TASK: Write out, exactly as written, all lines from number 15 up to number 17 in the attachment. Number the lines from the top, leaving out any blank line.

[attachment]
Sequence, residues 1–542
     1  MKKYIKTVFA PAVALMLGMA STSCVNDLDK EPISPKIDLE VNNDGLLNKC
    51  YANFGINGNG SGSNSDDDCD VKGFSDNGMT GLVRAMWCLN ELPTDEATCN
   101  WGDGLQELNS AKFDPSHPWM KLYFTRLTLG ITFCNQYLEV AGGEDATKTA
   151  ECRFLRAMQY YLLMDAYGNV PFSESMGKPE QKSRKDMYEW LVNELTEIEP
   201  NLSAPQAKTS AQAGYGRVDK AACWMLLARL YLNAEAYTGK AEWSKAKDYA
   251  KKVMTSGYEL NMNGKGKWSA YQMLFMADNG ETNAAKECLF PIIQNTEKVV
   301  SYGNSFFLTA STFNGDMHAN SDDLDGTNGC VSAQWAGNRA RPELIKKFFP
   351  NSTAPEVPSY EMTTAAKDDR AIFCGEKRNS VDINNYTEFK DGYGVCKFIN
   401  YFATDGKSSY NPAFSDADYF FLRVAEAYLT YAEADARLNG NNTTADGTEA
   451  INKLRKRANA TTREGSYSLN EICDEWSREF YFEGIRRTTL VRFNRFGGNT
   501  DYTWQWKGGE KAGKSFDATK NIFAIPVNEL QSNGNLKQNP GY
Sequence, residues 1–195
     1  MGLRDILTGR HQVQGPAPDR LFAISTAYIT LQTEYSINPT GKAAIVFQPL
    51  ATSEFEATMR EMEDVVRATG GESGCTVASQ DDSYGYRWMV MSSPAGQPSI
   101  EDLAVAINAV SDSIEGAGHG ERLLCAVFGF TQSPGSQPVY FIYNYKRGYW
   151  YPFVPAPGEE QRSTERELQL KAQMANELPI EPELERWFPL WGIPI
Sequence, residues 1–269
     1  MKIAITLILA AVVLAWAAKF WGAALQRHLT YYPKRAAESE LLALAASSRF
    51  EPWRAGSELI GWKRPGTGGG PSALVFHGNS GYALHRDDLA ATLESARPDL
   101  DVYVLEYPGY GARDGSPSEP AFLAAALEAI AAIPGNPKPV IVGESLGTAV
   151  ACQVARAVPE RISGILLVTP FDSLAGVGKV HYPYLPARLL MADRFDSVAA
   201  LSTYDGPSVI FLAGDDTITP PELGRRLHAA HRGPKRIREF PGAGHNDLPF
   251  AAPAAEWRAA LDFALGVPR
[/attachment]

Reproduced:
    51  ATSEFEATMR EMEDVVRATG GESGCTVASQ DDSYGYRWMV MSSPAGQPSI
   101  EDLAVAINAV SDSIEGAGHG ERLLCAVFGF TQSPGSQPVY FIYNYKRGYW
   151  YPFVPAPGEE QRSTERELQL KAQMANELPI EPELERWFPL WGIPI